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CEDAR MOUNTAIN
(PAGE 2 OF 3)






  Confederate artillery firing from the mountain as well as from a small wooded knoll known afterward as the Cedars, and from a gate where the Crittenden House lane met the main road, dueled with Union artillery posted on the Mitchell Station Road. One Confederate thought the gunnery was "the prettiest artillery duel ever witnessed during the war." During the spectacular but inconclusive shelling both Stonewall Jackson and division commander Brigadier General Charles S. Winder tried their hand as gunners. Soon Winder was carried off of the battlefield mortally wounded when a Northern shell tore away his side.

The battle entered its most furious phase shortly after 5 p.m. when the Federal commander, Major General Nathaniel P. Banks, launched two attacks against the Confederate line. Union infantry waded through a cornfield heading for the Southern guns at the Cedars, while a second group of Northerners advanced toward the guns planted by the Gate.


Nathaniel P. Banks Samuel W. Crawford Christopher C. Augur


Although outnumbered by Jackson's troops, Brigadier general Samuel W. Crawford's Unionists struck Jackson's loosely-knit line near the Gate. Crawford shattered Jackson's left after a desperate hand-to-hand combat that one veteran remembered as "unsurpassed for ferocity by any other engagement during the war." The Federals in the cornfield under Brigadier General Christopher C. Augur billowed out of the corn near the guns by the Cedars.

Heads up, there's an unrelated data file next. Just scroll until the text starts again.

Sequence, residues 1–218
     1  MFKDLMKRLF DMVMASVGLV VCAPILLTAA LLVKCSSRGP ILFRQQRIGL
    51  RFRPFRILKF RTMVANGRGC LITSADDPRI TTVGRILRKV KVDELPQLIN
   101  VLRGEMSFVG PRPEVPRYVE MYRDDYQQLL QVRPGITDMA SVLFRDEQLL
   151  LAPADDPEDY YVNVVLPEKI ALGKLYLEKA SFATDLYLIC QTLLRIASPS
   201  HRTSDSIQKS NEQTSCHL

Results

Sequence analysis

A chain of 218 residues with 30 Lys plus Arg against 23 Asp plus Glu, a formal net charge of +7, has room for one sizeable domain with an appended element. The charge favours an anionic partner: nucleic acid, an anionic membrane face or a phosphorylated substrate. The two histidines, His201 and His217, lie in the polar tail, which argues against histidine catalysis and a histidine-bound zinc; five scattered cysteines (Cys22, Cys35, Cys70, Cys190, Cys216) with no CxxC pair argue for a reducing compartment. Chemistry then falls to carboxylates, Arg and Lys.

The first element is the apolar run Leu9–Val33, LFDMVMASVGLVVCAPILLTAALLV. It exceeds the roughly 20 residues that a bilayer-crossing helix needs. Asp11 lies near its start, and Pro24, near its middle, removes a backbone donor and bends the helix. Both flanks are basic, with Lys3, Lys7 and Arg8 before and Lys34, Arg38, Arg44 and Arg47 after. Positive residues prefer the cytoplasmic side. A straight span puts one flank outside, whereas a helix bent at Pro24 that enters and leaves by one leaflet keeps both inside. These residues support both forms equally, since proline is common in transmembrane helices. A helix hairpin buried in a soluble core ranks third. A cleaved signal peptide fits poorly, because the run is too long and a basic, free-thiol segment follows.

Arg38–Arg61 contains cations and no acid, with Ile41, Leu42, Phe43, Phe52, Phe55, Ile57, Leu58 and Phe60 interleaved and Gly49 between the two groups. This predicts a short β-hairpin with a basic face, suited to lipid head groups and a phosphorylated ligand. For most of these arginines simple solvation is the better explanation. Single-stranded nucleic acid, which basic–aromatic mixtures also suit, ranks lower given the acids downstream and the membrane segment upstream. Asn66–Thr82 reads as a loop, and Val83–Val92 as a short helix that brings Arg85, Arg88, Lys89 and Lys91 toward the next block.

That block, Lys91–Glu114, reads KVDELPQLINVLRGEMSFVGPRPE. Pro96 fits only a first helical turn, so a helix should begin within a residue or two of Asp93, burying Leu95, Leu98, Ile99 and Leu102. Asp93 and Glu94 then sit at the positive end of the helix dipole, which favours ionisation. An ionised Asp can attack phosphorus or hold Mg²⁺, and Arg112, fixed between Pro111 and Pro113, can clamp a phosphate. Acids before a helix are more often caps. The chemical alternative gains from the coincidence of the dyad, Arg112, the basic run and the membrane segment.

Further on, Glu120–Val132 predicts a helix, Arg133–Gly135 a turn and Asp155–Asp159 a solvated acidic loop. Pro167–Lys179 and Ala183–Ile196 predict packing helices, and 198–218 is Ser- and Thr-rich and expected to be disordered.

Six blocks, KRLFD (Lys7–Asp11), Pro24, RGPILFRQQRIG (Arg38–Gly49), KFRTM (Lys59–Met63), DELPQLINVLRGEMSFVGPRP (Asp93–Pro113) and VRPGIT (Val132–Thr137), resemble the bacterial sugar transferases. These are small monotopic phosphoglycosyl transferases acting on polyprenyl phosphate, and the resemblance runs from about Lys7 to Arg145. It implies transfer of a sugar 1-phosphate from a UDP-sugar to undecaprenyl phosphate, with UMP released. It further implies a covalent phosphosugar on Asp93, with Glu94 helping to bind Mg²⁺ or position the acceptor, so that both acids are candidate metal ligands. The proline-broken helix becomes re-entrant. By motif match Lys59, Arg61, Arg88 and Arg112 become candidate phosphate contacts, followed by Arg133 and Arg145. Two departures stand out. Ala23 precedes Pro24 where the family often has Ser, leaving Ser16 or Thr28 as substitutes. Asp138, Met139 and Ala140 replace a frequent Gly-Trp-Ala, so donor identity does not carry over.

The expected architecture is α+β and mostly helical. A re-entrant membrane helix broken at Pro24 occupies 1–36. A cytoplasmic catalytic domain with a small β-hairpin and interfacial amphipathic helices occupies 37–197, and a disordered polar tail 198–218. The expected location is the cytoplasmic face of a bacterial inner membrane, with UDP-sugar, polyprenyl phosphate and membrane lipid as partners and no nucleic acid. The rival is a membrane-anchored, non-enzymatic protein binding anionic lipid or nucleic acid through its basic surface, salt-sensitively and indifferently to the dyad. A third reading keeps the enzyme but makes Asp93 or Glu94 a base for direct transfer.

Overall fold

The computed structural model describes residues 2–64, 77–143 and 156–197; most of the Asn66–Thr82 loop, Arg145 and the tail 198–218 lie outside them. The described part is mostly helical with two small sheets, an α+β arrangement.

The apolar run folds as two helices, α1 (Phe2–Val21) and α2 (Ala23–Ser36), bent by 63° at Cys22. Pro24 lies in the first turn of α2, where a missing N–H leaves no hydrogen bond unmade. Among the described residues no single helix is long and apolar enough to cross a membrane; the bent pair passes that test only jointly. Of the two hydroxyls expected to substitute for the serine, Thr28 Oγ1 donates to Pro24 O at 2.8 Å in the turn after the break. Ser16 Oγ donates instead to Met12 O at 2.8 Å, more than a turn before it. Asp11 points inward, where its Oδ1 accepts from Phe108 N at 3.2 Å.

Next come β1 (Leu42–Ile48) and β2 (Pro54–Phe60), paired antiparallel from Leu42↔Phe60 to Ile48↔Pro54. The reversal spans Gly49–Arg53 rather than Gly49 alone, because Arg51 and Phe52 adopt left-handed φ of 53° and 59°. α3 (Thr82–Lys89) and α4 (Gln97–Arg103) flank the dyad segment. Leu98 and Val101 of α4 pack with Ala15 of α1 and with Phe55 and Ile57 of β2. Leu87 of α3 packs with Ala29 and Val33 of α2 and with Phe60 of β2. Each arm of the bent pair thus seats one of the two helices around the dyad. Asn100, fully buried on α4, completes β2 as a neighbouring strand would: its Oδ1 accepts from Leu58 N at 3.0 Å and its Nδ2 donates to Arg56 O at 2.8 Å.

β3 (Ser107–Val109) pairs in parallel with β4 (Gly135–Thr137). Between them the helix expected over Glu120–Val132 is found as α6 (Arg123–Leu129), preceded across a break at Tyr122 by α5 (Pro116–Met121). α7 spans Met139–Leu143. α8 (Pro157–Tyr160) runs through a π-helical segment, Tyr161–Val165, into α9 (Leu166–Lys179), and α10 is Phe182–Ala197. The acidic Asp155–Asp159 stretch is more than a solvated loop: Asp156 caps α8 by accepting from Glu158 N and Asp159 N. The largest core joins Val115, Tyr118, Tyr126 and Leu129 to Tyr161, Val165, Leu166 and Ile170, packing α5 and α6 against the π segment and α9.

The Confederate guns at the Gate, and the Cedars retreated while much of their infantry support fled from the Union onslaught. Jackson rode into the center of the storm waving his word with the scabbard still tightly rusted to it. Defying fire from three sides, Jackson brandished his "sword" and a battle flag, and banked on his name to rally the troops. One witness wrote later, "the escape of Jackson from death was miraculous. He was in the thickest of the combat, at very long range." The famed leader arrested the panic and restored order. A.P. Hill's timely arrival established a stronger line and sent the Federals reeling back across the fields. A small battalion of the 1st Pennsylvania Cavalry galloped into the teeth of the Confederate counterattack to buy time for the retreating Federals. As darkness fell, Jackson embarked on a concerted attack that swept Banks from the field.

Jackson's 22,000 Confederates came dangerously close to defeat at the hands of the Banks' inferior but aggressive force of about 12,000 Federals. Cedar Mountain was the only battle in which Stonewall Jackson attempted to draw his sword and lead his troops by example. Swayed by his personal involvement, Jackson later asserted that Cedar Mountain was "the most successful of his exploits."

Two days after the battle Jackson withdrew to meet Robert E. Lee, and begin the campaign leading to the battle of Second Manassas and the demise of John Pope. Once joined with Lee, Stonewall Jackson never again directed a campaign as an independent commander.

(Text Source: U.S. Gov't, National Park Service)


Federal Battery213
Federal battery fording a tributary of the Rappahannock River on the day of battle.


Federal Battery
Parson Slaughter's house on Slaughter's (or Cedar) Mountain. Site of a Confederate battery. ["Slaughter Mountain" seems more appropriate -Ed]


 




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19th Century Photographs Notes

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